When the White Sox bumped Francisco Liriano from his start tonight in favor of Gavin Floyd, it was supposed to be a two-day move, with Liriano possibly pitching out of the pen against the Tigers and then starting Friday against the Twins.
That plan is out the window now. The White Sox announced that they’d go with Hector Santiago, Jose Quintana and Jake Peavy as their starters this weekend.
Liriano gave up hits to the only two batters he faced last night in his first relief appearance for the White Sox and was charged with two runs. He’s 2-1 with a 5.09 ERA in his eight starts since coming over from the Twins in July. He did pitch six strong innings against the Twins on July 31, allowing two runs and striking out eight in a no-decision, but the White Sox are obviously focusing more in on his recent struggles.
Santiago, who opened the season as the White Sox’s closer, will be making his third start of the year in Liriano’s place Friday. He beat the Twins on Sept. 3 by allowing one run in five innings, and he pitched four scoreless innings against the Royals on Sunday.
As for Liriano, he appears to have run out of time to impress potential suitors as he heads into free agency. There will certainly be teams willing to give him a shot this winter, but after back-to-back seasons with ERAs over 5.00, he’ll likely have to accept a modest one-year deal.
Tim Tebow isn’t letting go of his major league dreams just yet. The former NFL quarterback is slated to appear with the Mets during spring training this year, extending what initially looked like an ill-fated career choice for at least one more season. Per the club’s official announcement on Friday, he’ll join a group of spring training invitees that includes top-30 prospects like Peter Alonso, P.J. Conlon, Patrick Mazeika and David Thompson.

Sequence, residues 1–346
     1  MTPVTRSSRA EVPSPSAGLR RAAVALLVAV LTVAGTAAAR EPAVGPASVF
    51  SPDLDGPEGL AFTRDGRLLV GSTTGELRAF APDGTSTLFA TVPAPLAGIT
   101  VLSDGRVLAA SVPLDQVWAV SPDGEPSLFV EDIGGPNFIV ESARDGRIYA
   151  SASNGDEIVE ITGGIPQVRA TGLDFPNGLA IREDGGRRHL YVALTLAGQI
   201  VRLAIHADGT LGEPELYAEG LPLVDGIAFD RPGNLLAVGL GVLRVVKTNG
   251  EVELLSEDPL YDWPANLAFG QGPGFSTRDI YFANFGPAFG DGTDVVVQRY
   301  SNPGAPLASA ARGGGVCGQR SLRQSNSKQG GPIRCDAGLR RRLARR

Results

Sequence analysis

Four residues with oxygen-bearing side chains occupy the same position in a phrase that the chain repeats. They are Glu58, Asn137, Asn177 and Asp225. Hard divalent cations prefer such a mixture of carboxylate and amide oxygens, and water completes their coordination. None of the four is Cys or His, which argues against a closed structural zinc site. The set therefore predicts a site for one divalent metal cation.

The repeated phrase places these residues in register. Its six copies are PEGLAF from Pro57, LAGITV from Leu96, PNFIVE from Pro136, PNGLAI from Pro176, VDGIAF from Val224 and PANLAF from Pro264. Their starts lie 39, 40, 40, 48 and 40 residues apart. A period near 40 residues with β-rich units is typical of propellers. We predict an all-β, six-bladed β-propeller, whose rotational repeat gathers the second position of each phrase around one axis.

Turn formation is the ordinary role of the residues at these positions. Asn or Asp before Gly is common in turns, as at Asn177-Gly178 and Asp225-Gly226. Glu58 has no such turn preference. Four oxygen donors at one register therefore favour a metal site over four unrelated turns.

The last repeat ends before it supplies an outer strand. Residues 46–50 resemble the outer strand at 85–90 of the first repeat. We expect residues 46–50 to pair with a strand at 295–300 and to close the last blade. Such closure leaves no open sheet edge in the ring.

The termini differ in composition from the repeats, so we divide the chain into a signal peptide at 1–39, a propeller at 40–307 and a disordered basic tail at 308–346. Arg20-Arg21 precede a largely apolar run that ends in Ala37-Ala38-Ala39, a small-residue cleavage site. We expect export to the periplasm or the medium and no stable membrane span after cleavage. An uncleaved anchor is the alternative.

Tebow, 30, hasn’t taken to professional baseball as gracefully as expected. He batted a cumulative .226/.309/.347 with eight home runs and a .656 OPS in 486 plate appearances for Single-A Columbia and High-A St. Lucie in 2017. While that wasn’t enough to compel the Mets to give the aging outfielder a big league tryout, there’s no denying that Tebow brought substantial benefit to their minor league affiliates — in the form of increased attendance figures and ticket sales, that is.
Even after the Mets were booted from the NL East race last September, they resisted the idea of promoting Tebow for a late-season attendance boost of their own. That’s not to say they’re planning on taking the same approach in 2018; Tebow will undoubtedly get his cup of coffee in the majors at some point, but for now, a Grapefruit League tryout is likely as close as he’ll ever get to playing with the team’s big league roster on an everyday basis.